NAJAF, Iraq — Supporters of an anti-American cleric rioted in four Iraqi cities Sunday, killing eight U.S. troops and one Salvadoran soldier in the worst unrest since the spasm of looting and arson immediately after the fall of Saddam Hussein.
The U.S. military on Sunday reported two Marines were killed in a separate “enemy action” in Anbar province, raising the toll of American service members killed in Iraq to at least 610.
The rioters were supporters of anti-American cleric Muqtada al-Sadr. They were angry over Saturday’s arrest on murder charges of one of al-Sadr’s aides, Mustafa al-Yacoubi, and the closure of a pro-al-Sadr newspaper.
Near the holy city of Najaf, a gunbattle at a Spanish garrison killed at least 22 people, including two coalition soldiers — an American and a Salvadoran.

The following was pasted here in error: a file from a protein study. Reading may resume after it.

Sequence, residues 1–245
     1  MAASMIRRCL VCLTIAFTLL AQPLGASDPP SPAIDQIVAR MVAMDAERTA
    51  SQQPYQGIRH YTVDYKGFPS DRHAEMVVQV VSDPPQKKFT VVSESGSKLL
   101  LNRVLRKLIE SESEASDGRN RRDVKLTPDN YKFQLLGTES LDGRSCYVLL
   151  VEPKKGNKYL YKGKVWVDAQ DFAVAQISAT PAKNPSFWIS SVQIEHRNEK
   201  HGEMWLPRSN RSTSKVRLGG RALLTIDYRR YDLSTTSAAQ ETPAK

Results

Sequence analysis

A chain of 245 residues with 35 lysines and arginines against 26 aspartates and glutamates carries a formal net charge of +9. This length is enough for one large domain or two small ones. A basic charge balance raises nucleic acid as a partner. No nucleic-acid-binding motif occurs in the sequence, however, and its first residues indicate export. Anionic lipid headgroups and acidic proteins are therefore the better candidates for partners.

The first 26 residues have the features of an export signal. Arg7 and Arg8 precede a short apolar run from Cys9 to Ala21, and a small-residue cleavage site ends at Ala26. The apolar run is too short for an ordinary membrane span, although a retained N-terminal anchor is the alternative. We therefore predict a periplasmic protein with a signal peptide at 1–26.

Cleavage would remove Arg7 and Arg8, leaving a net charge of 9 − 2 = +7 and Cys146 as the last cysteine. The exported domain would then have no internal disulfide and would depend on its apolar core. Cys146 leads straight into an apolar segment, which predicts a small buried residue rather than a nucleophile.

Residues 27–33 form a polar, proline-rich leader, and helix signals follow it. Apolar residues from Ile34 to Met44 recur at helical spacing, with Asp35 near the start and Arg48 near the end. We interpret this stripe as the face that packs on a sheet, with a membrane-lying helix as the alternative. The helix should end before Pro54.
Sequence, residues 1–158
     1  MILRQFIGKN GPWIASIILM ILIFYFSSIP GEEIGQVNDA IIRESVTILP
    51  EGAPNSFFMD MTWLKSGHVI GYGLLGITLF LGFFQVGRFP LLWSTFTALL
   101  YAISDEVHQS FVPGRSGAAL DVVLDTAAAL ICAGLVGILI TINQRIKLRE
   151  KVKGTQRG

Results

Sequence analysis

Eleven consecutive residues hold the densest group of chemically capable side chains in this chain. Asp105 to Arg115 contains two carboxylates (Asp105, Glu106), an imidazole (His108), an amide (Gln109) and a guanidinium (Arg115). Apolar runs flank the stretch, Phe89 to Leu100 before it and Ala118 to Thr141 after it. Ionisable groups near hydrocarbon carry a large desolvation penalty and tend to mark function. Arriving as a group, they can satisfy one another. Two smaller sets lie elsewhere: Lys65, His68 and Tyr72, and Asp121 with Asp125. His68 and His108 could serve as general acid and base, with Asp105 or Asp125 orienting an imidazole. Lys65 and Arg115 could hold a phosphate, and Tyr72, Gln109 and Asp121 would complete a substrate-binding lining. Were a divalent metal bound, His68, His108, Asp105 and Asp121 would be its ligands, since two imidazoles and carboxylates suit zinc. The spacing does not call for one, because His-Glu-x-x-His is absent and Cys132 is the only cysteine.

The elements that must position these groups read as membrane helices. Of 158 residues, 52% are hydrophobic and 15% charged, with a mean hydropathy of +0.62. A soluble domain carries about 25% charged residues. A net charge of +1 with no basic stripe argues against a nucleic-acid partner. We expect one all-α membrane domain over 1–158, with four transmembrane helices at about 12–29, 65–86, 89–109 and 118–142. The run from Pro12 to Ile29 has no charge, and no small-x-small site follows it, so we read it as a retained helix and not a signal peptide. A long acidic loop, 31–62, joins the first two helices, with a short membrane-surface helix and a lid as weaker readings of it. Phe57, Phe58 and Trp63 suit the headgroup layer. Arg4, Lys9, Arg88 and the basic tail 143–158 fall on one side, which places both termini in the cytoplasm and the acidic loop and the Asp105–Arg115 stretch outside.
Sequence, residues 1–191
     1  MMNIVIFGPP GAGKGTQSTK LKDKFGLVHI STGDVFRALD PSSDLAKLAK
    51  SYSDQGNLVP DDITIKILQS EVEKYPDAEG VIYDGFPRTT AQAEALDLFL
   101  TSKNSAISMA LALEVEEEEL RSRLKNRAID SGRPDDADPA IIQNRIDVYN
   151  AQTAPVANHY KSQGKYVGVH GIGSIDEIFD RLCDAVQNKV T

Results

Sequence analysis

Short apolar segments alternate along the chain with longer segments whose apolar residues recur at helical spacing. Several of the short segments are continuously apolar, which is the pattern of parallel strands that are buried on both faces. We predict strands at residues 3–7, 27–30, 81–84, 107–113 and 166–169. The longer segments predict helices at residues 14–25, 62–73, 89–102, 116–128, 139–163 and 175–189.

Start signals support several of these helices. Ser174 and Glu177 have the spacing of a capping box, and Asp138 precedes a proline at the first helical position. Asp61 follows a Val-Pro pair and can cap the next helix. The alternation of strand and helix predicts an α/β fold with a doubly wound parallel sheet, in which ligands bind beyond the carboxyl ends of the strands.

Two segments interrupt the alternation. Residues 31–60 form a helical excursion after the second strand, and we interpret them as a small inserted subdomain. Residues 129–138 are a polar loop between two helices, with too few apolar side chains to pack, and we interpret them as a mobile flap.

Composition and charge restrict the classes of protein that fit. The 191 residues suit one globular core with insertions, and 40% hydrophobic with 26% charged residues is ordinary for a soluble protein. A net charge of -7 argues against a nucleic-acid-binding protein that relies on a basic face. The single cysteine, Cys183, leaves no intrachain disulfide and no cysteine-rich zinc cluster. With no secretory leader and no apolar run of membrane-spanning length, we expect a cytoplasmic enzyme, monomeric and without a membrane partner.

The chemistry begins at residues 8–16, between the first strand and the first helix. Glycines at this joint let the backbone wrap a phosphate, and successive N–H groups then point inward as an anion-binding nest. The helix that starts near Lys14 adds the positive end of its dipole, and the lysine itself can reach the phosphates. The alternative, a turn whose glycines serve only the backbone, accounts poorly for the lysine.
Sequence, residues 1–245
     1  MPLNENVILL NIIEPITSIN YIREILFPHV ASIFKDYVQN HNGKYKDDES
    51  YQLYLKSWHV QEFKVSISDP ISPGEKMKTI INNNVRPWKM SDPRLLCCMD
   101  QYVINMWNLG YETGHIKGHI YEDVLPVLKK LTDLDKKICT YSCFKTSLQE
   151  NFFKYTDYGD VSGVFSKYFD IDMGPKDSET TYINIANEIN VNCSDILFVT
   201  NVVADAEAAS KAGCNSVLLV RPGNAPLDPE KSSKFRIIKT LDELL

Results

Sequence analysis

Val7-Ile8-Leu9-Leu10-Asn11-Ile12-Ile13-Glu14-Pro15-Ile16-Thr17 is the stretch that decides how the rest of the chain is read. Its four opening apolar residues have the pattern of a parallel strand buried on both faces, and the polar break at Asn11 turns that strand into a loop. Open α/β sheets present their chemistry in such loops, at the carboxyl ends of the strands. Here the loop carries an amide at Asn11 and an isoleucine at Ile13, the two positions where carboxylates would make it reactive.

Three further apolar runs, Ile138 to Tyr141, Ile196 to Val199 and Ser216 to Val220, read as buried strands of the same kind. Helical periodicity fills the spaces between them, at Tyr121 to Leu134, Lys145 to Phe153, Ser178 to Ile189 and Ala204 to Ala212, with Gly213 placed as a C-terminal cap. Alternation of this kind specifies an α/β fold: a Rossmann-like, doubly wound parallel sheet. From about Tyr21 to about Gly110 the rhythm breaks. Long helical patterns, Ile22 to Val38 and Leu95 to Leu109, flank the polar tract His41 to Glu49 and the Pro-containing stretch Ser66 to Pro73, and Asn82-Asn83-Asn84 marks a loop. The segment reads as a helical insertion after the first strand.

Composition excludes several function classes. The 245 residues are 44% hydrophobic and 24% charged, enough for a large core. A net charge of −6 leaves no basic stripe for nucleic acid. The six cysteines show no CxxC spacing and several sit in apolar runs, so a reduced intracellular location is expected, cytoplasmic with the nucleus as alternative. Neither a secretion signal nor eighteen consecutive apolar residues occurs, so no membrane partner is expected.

Fighting in the Baghdad neighborhood of Sadr City killed seven U.S. soldiers and wounded at least 24, the U.S. military said in a written statement.
A resident said two Humvees were seen burning in the neighborhood, and that some American soldiers had taken refuge in a building. The report could not be independently confirmed, and it was unclear whether the soldiers involved were those who died.
A column of American tanks was seen moving through the center of Baghdad Sunday evening, possibly headed toward the fighting.
The military said the fighting erupted after members of a militia loyal to radical Shiite Muslim cleric Muqtada al-Sadr took control of police stations and government buildings in the neighborhood.
Protesters clashed with Italian and British forces in other cities in a broad, violent challenge to the U.S.-led coalition, raising questions about its ability to stabilize Iraq ahead of a scheduled June 30 handover of power to Iraqis.